By Traci Skuce
Traci Skuce’s Hunger Moon is a collection of stories that echo with the yearning to be replenished, to be made full. Here are characters at cusp-points in their lives, attempting to shift their trajectories: to cease wrapping up the heart's desire in a pink bubble by launching ... Read more
Traci Skuce’s Hunger Moon is a collection of stories that echo with the yearning to be replenished, to be made full. Here are characters at cusp-points in their lives, attempting to shift their trajectories: to cease wrapping up the heart's desire in a pink bubble by launching it into the universe. Some turn to ESP, some to a belief in ghosts, some to the future caught inside a glass bottle, each character taking the hackneyed adage “Follow Your Bliss” too literally to blissfully follow their own storyline.
Emotionally charged, evocative, and lush, Hunger Moon’s thirteen short stories each set out on profound quests to satisfy an emotional hunger.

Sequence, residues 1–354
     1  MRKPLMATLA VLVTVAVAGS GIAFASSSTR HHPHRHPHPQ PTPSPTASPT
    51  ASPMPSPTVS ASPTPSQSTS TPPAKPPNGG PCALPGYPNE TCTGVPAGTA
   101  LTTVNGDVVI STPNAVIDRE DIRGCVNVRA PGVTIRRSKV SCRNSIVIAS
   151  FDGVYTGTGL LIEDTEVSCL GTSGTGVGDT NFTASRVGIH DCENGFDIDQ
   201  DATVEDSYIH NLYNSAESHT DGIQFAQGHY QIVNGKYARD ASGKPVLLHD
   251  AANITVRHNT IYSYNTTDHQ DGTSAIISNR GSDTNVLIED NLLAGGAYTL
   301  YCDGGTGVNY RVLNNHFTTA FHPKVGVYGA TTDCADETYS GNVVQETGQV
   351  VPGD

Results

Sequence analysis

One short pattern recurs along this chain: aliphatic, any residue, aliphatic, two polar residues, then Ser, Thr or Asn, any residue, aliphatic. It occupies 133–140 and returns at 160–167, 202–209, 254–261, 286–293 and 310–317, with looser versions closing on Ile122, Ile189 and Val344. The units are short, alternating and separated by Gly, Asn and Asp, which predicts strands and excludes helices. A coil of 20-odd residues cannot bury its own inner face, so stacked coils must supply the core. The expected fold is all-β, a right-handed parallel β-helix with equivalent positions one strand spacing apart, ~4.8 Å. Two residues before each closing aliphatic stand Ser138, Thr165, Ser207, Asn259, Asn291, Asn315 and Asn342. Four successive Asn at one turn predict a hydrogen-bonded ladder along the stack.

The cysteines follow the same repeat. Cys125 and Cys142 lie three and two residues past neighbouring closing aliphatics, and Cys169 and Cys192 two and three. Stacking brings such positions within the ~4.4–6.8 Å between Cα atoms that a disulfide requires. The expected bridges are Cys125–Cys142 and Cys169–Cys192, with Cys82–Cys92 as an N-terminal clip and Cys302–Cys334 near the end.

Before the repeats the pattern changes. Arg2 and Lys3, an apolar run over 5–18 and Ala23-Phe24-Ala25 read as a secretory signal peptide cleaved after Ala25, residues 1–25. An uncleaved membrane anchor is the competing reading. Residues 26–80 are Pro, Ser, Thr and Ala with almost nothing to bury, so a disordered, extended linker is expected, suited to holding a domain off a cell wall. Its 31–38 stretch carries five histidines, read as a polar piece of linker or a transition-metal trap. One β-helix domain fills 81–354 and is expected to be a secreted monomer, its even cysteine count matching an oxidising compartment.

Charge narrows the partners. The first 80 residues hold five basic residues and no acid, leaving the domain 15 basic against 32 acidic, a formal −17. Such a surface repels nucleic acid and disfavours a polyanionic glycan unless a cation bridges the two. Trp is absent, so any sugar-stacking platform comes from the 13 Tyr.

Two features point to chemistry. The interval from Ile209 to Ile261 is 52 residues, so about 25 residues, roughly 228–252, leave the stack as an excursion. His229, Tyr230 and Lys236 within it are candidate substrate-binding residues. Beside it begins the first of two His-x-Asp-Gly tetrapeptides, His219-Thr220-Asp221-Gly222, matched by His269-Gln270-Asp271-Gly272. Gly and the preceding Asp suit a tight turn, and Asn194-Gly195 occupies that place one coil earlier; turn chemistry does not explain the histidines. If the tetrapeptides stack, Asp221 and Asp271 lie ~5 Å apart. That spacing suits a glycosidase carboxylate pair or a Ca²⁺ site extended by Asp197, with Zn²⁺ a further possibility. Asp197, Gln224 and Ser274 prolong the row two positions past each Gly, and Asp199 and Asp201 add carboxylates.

Traci Skuce graduated from the Pacific University low-residency MFA program in 2015. Her short stories and non-fiction have appeared in several publications across North America including Grain, New Ohio Review, The New Quarterly, and Prairie Fire, and have been nominated for four Pushcart Prizes and two Journey prizes. For the past twenty years, Traci has lived in Cumberland, BC with her husband and two sons.
"Many of the stories are rather open-ended and leave the reader with the sense that the resolution and living out of these lives is not fated, but choices to be made in the future. But there is a forceful emptiness and uncertainty that brings the lives of these mostly separate characters and stories together. ... I would gladly read [Hunger Moon] again, preferably in hard copy, and recommend [this collection] in terms of language, story, and character, and [its] engagements with larger questions of life and meaning. "
~ Shoshannah Ganz, Canadian Literature
"Skuce has an obvious ease with language, and she writes with confidence. ... reading these stories, it’s easy to see why they found favour with the editors of literary journals in Canada and the U. S."
~ Heather Graham, The Ormsby Review
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